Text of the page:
Osteoarthritis and Exercise

Draft guidelines have just been published by the National Institute for Health and Care Excellence on treatment for Osteoarthritis with a steer away from pain medication such as paracetamol and opiods and towards exercise and weight-loss (if appropriate).

For those who  would like to read the whole thing then the draft can be found here

NATIONAL INSTITUTE FOR HEALTH AND CARE EXCELLENCE
Guideline

Osteoarthritis: assessment and management

Draft for consultation, April 2022

The part that is important (from an exercise point of view)

"Non-pharmacological management
Therapeutic exercise

1.3.1 Offer tailored therapeutic exercise to all people with osteoarthritis (for
example, local muscle strengthening, general aerobic fitness).

1.3.2 Consider supervised therapeutic exercise for people with osteoarthritis.

1.3.3 Advise people with osteoarthritis that joint pain may increase when they
start  therapeutic exercise.

Explain that:
doing regular and consistent exercise, even though this may initially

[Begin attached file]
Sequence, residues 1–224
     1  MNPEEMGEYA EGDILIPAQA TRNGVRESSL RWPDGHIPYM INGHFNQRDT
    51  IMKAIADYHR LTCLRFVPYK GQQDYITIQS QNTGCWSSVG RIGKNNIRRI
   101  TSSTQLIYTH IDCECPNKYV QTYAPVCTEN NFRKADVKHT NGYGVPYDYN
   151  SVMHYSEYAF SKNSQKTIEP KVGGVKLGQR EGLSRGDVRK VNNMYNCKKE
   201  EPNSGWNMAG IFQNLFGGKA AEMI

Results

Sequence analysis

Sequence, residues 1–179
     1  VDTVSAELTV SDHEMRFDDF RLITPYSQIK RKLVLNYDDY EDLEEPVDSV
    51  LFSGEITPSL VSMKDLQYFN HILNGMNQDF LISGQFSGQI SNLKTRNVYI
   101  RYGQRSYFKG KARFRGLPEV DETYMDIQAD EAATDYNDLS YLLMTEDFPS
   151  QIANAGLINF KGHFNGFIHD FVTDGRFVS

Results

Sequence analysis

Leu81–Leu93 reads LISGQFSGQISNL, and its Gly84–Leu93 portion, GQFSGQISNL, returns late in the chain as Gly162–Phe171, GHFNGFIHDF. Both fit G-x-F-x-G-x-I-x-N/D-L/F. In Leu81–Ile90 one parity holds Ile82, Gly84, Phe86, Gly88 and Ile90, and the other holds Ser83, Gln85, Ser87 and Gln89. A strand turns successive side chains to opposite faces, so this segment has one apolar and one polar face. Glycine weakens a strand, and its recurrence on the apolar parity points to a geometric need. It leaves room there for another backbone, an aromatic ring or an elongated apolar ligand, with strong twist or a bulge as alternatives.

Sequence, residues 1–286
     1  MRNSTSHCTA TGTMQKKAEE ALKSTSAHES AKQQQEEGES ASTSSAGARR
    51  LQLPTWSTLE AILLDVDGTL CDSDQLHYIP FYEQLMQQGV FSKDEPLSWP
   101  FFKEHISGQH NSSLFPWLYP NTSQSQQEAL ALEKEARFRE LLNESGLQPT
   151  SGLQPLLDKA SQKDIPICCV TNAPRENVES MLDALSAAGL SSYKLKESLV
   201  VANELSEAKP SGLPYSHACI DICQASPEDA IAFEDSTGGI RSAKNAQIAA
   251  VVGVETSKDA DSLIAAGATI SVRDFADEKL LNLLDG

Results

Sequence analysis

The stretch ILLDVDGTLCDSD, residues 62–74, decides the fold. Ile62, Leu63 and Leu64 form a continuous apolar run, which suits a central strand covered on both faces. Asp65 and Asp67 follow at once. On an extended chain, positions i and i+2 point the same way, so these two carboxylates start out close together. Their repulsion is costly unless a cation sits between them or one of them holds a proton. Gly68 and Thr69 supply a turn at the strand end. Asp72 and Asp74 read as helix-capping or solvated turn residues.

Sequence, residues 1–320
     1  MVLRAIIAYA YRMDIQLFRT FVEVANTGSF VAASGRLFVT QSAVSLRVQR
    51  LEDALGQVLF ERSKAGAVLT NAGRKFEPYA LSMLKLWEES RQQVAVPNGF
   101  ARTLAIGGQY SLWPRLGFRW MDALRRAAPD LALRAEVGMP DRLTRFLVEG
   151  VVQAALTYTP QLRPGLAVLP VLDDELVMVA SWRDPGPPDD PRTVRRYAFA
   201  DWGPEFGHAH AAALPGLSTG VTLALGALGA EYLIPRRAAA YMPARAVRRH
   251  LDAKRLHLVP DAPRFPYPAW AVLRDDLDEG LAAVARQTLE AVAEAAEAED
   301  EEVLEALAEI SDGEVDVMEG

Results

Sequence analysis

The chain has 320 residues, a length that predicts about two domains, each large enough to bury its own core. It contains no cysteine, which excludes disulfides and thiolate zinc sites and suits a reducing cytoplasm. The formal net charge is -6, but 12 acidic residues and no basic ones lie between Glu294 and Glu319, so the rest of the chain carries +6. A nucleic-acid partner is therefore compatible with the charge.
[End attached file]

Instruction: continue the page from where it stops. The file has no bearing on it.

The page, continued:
cause discomfort, will be beneficial for their joints

long-term adherence to exercise increases its benefits."

 

The bold is mine, it's normal to associate pain with harm and so trying to move away from this instinctive thought process that if it hurts it is doing me harm is not going to be easy (along with the caveat that no-one likes pain!) but hopefully these new (draft!) guidelines will reassure people.

Exercising the arthritic joint will ensure that the joint will not  lose range of movement and that moving through that joint and overloading the muscles will produce strength increases that will help with the pain.

Supervised exercise was likely to have greater benefit to people with osteoarthritis because it may increase adherence and social support so if you have been wondering where to start please do get in touch to see if one of my Strength and Balance classes are suitable for you.